The sounds we hear are the result of vibrations of air, fluid, and
solid materials in our environment. The vibrations produce sound waves, which
vibrate at a certain speed (frequency) and have a certain height (amplitude).
The vibration speed of a sound wave determines how high or low a sound is
(pitch). The height of the sound wave determines how loud the sound is
Hearing is the result of these sound waves traveling through the ear
and being converted into nerve impulses that are sent to the brain, which
It is possible that the main title of the report Hydrocephalus is not the name you expected. Please check the synonyms listing to find the alternate name(s) and disorder subdivision(s) covered by this report.
Sound waves enter the
ear through the ear canal (external ear) and strike
the eardrum (tympanic membrane), which separates the ear canal and the middle
The eardrum vibrates, and the vibrations move to the bones of
the middle ear. In response, the bones of the middle ear vibrate, magnifying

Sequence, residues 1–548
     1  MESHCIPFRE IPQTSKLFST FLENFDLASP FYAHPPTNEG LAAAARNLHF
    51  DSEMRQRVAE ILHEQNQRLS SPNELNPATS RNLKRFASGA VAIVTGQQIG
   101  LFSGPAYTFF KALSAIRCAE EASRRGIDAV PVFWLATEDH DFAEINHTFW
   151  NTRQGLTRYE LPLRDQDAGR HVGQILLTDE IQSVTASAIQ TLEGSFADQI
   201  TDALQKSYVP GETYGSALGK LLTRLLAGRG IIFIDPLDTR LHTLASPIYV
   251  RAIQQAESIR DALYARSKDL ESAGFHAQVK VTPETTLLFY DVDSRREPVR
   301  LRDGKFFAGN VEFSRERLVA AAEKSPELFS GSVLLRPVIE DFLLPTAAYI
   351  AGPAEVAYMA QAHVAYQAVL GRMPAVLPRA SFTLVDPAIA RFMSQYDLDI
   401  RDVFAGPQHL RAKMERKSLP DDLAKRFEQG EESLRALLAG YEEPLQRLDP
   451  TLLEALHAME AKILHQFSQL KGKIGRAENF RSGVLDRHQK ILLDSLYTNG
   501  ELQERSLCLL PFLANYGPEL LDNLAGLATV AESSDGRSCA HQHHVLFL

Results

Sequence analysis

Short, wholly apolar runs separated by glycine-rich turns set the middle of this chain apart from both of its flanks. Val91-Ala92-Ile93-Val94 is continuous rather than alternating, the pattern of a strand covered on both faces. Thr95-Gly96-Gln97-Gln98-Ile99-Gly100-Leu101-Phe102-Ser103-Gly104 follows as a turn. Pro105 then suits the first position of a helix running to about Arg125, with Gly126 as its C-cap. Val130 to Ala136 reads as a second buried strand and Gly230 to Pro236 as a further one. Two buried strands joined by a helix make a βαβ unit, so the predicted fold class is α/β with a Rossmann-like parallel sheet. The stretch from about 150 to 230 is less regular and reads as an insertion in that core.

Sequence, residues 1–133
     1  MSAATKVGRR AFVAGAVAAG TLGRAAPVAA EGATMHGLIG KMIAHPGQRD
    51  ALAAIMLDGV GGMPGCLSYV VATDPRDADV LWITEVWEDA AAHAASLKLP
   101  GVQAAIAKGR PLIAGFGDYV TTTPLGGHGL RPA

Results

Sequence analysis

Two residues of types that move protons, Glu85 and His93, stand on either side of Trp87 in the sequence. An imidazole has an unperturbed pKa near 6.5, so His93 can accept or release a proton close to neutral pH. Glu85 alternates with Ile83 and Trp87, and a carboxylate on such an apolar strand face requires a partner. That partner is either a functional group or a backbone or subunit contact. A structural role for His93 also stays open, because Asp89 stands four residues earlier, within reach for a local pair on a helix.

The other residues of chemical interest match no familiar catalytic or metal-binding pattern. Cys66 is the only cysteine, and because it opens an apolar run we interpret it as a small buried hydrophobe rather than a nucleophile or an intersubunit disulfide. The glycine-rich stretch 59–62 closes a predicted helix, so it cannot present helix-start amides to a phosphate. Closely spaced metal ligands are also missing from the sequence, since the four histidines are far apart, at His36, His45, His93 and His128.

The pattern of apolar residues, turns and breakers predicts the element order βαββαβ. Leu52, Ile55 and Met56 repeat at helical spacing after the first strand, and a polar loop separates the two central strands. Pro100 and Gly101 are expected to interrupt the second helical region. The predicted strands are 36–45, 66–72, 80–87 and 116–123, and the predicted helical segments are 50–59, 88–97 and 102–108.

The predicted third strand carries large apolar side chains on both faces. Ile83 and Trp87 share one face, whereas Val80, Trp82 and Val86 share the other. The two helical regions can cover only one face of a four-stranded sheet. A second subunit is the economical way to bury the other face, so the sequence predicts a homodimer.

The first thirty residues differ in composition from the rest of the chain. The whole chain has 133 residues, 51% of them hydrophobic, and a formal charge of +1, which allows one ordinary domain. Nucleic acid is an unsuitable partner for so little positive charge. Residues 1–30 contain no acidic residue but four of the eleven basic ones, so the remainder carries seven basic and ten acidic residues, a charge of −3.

the sound and sending it to the inner ear.
The fluid-filled, curved
space of the inner ear, sometimes called the labyrinth, contains the main
sensory organ of hearing, the cochlea. Sound vibrations cause the fluid in the
inner ear to move, which bends tiny hair cells (cilia) in the cochlea. The
movement of the hair cells creates nerve impulses, which travel along the
cochlear (auditory, or eighth cranial) nerve to the brain and are interpreted
Primary Medical Reviewer
Sarah Marshall, MD - Family Medicine
Specialist Medical Reviewer
Steven T. Kmucha, MD - Otolaryngology
April 13, 2011
WebMD Medical Reference from Healthwise
April 13, 2011
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